EspañolThe Mexican government will face a crucial test in the coming days as it tries to demobilize government-wary village militias in the mountains of the southwest state of Michoacán. Avocado farmers and lime pickers have taken up arms there against the ruthless Knights Templar cartel henchmen.
President Enrique Peña Nieto plans to replace the militiamen with a recently created force, the Rural Police, whose ranks would be drawn from the local vigilantes themselves.
Despite lining up to register their assault rifles with the federal government, these self-defense groups show no signs of disbanding. Eriberto Sanchez, a 30-year-old vigilante, said, “everyone is afraid that the government will make a deal and the cartel will come back.” He added that if the Mexican police and soldiers try to forcibly disarm the militiamen, “a lot of blood will be spilled.”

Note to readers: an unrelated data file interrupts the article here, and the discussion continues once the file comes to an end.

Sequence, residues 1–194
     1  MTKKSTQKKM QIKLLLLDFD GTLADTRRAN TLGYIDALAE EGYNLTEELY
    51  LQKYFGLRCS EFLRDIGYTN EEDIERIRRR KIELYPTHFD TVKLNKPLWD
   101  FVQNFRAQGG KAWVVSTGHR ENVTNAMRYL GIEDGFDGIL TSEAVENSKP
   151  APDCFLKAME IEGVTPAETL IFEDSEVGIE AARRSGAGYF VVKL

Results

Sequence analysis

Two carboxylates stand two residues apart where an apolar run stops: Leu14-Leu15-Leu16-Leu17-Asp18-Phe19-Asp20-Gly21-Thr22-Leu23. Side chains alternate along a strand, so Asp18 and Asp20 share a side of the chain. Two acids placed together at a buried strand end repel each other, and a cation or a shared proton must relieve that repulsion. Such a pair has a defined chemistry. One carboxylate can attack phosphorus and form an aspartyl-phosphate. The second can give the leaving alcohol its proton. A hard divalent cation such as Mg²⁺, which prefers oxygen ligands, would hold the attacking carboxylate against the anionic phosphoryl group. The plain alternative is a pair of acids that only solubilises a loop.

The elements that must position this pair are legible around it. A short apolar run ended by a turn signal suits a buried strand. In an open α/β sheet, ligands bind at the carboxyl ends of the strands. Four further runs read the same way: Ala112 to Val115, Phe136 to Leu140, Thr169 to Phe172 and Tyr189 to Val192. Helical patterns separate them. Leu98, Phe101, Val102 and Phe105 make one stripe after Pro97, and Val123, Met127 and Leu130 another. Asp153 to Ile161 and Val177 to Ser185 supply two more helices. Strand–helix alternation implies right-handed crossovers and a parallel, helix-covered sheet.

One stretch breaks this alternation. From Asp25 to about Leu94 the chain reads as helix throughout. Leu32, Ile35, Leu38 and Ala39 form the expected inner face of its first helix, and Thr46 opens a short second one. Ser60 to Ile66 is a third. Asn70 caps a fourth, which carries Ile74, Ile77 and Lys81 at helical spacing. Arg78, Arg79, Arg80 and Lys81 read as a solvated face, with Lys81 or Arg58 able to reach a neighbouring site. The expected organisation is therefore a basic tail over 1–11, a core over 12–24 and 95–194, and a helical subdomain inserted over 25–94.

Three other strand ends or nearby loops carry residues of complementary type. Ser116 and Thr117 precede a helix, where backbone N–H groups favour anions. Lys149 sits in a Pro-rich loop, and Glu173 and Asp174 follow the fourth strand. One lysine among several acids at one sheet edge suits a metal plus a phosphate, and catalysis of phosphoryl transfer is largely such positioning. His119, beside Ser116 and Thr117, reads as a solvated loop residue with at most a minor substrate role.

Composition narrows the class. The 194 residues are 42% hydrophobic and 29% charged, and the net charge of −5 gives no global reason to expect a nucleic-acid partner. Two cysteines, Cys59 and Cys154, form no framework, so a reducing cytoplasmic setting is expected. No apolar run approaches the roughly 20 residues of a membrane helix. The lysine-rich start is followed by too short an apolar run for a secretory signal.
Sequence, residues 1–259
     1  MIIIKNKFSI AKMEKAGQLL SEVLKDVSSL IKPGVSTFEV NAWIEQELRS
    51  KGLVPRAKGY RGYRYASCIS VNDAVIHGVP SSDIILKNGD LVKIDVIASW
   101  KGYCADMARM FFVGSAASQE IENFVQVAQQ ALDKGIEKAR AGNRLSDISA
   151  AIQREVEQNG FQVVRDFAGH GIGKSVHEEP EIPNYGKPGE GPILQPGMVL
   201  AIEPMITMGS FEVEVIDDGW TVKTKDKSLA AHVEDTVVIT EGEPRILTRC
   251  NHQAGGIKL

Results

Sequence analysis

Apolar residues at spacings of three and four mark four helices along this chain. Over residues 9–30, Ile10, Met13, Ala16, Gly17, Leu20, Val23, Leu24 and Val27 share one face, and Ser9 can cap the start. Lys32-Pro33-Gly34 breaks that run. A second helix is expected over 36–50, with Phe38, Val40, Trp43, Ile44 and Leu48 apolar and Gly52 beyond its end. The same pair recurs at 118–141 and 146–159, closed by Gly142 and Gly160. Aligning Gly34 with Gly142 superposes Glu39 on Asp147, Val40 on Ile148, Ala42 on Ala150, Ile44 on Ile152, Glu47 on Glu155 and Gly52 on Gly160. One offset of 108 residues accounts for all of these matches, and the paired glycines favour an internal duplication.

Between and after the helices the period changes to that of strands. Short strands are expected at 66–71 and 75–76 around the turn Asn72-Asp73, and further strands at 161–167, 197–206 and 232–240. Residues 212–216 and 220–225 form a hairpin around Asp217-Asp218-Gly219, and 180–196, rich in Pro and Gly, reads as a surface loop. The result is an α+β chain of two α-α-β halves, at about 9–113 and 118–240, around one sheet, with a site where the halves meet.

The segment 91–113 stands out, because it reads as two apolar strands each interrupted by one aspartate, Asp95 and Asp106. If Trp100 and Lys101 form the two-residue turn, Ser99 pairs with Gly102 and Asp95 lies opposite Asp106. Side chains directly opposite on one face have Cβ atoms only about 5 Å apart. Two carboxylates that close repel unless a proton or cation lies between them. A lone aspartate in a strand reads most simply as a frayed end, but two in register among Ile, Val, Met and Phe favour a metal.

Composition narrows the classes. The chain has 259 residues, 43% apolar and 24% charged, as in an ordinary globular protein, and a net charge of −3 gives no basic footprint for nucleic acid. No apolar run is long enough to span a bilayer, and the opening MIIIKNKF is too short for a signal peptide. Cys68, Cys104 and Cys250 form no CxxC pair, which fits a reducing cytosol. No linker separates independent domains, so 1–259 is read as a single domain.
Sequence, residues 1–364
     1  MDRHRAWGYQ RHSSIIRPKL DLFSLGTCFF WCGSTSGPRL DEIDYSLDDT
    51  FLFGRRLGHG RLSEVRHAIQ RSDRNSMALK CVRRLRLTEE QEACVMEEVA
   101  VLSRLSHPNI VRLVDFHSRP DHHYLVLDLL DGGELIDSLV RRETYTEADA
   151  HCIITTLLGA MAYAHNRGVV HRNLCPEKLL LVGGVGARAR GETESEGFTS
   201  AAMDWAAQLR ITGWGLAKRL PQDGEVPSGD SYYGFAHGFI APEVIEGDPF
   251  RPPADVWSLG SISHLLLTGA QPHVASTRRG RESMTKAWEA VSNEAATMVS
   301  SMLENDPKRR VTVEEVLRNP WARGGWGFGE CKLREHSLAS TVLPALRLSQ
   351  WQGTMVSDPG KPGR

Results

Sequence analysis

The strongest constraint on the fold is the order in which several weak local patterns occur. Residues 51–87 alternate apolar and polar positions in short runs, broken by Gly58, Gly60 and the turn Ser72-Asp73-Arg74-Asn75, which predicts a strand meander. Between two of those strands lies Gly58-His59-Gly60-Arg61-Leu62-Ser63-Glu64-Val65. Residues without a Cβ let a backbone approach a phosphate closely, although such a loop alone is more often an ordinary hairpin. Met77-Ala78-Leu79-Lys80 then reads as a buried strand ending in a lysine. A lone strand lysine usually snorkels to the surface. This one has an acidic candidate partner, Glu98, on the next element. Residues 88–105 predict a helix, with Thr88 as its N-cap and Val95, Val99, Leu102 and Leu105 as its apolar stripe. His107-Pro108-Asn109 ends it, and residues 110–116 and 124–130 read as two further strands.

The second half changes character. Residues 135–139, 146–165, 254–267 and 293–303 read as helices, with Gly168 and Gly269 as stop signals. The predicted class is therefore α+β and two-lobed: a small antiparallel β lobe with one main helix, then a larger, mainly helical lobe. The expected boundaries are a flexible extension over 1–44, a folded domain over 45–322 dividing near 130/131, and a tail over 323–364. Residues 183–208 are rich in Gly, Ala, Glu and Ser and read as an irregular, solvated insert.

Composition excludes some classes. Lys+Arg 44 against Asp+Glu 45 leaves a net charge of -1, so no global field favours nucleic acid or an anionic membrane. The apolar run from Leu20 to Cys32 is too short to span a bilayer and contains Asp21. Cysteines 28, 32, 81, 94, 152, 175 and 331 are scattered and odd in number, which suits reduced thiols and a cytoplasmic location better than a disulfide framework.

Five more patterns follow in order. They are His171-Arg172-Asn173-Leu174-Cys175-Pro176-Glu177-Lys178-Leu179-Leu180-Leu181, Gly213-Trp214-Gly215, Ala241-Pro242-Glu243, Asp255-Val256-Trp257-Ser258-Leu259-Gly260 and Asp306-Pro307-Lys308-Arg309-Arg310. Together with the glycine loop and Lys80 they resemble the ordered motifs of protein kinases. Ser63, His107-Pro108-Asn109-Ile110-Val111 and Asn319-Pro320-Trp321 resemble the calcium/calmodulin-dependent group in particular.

Michoacán’s militia movement or self-defense groups began last spring in Tepalcatepec, where residents fed up with rampant abuse and extortion by the Knights Templar banded together and fought back. José Manuel Mireles, a doctor who had lived for years in Sacramento, emerged as the leader and began raising funds for the cause through networks of Mexican immigrants in California.
Source: Washington Post.